In 1842, Durdidwarrah - now extending to 24,000 acres - was passed to  Charles von Stieglitz who established himself there, extending the run to eventually include 74,000 acres. During the 1840s, a simple residence was erected on the property followed in 1849 by a larger brick house with Georgian and Edwardian features. Both still stand today, the former as an outbuilding and the latter with alterations and additions made over the years.

Original building at Darra, 1962. Image from the J.T. Collins Collection, La Trobe
Picture Collection, State Library of Victoria
Like his brothers, Charles did not remain in Victoria, but in 1853 returned to Ireland a wealthy man. In October that year the property was advertised for sale including "The Eclipse Hotel"  and again the following year including "...the Steiglitz Estate in lots to various purchasers...". By 1858, the homestead was still in operation as the Eclipse Hotel, however mention does not appear in the contemporary media after that date.
In 1863 Durdidwarrah was purchased by William Thomas Napier Champ, the first premier of Tasmania, who changed the name of the property to Darra. Champ had also served as the Commandant of Port Arthur and arrived in Victoria in 1857 to take up the role of Inspector-General of Penal Establishments. Throughout his career in the justice system he was seen as a fair and humane figure. He retired from his public role in 1868 to Darra where he spent the remainder of his life developing the property, pursuing pastoral pursuits and playing a role in the local community. In addition to the 200 acre pre-emptive right purchased by Charles von Stieglitz in 1853, Champ added a further 1075 acres, most of it purchased in 1867 and then another 300+ acres in 1884. He died in East Melbourne in 1892.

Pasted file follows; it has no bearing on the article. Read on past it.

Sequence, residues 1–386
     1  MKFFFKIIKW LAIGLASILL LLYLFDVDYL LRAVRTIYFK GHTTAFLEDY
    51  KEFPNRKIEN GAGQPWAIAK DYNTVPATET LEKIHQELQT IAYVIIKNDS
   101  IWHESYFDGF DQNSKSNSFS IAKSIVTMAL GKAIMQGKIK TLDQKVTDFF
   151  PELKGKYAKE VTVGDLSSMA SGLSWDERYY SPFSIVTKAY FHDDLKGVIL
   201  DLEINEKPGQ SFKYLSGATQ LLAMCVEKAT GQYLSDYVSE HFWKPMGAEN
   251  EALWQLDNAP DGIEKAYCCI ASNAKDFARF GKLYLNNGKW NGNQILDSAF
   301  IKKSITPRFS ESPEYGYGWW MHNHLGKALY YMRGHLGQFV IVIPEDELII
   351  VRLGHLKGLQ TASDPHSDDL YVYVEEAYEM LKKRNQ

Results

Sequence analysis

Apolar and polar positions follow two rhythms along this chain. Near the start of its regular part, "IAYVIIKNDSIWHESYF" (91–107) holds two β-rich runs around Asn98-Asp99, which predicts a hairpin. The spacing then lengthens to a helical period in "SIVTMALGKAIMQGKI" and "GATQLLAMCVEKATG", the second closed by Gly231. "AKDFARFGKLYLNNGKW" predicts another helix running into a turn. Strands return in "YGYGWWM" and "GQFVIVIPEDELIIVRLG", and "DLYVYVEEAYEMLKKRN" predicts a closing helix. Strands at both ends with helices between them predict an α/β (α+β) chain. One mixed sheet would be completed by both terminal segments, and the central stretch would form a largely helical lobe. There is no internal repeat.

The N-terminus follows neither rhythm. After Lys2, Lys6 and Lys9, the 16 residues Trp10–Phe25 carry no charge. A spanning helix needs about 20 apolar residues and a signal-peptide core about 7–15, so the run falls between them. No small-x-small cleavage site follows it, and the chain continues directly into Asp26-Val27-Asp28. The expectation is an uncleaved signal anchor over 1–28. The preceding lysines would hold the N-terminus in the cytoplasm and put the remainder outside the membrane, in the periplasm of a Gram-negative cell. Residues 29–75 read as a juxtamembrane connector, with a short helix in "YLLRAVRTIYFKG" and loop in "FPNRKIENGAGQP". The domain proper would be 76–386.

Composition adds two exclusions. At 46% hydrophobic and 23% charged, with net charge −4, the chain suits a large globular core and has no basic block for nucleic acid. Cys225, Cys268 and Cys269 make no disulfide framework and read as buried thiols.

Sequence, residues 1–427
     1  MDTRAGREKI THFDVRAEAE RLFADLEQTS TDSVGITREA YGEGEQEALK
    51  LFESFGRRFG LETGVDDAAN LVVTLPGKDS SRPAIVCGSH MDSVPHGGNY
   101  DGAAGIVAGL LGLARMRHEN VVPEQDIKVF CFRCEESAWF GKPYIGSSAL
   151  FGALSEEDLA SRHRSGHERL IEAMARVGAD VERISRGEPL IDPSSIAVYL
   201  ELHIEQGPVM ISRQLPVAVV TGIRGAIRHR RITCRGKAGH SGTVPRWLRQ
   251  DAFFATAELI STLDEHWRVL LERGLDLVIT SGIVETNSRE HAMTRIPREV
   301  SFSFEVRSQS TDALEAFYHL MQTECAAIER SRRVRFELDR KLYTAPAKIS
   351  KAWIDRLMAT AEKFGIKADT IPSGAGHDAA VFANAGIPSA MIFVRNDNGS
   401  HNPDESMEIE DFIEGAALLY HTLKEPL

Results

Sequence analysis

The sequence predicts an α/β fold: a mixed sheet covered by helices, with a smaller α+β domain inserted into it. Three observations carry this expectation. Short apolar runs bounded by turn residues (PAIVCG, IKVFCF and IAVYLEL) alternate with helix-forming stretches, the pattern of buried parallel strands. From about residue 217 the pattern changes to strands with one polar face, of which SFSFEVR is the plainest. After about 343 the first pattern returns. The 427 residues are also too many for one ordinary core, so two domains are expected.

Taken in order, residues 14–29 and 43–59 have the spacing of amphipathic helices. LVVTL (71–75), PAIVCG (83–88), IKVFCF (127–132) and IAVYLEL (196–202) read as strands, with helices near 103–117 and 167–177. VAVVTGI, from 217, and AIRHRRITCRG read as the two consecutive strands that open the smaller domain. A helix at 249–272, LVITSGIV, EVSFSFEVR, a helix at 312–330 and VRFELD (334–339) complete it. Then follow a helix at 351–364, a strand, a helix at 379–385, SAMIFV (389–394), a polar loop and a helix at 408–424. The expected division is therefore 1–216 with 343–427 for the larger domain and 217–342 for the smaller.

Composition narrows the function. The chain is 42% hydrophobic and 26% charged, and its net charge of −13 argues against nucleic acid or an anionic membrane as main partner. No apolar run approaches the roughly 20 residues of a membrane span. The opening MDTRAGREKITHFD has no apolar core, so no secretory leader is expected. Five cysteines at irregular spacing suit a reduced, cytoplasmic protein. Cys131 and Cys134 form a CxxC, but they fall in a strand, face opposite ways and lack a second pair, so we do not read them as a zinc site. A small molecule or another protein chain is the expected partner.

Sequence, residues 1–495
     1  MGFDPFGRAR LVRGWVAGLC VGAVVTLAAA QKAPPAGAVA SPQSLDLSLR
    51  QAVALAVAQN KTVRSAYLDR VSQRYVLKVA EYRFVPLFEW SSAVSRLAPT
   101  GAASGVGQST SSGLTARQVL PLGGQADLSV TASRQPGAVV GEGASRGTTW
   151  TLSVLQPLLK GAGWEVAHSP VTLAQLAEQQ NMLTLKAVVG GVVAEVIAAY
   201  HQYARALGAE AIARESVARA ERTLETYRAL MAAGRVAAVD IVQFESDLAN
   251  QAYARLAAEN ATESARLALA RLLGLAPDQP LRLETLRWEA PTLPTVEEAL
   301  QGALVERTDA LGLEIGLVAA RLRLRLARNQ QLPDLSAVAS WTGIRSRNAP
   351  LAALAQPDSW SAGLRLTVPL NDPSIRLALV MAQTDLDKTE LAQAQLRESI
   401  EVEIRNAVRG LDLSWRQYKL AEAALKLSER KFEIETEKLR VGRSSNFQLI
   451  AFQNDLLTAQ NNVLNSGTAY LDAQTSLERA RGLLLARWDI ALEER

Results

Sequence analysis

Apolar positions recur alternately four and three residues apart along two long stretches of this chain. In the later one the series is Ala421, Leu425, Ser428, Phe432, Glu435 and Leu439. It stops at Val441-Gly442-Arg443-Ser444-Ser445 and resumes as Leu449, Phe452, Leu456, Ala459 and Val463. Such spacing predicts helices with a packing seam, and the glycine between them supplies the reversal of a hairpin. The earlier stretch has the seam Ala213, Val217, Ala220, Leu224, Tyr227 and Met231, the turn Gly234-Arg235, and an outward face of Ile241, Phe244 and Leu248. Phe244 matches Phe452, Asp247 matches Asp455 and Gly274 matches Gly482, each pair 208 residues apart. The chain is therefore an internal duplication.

Darra homestead, 1962. Image from the J.T. Collins Collection,
La Trobe Picture Collection, State Library of Victoria.
The property remained in family hands into the 20th century. In February, 1900 The Argus reported that there was a devastating bushfire which tore through the district, burning houses and stripping grazing land. Whilst the Darra homestead remained standing, all fences and grassland were lost - for the second time, it claimed, within only a few years.
Such setbacks notwithstanding, Darra remained in family hands until January, 1922 when, due to advancing age, Mr JW Champ sold the property, consisting of around 2,000 acres with all stock and plant.
By the 1930s Darra was in the hands of the prominent Austin family, many of whom owned properties in the region.
Whilst the Durdidwarrah/Darra Estate saw the usual pattern of squatting and grazing, followed by selection and closer settlement, geological circumstance meant that the development of a part of this run was unlike any other in the region. It has been said that whilst he was digging a well, Charles von Stieglitz discovered a rich gold reef. He immediately had the well filled in and nothing further was mentioned. However, in 1855 everything changed...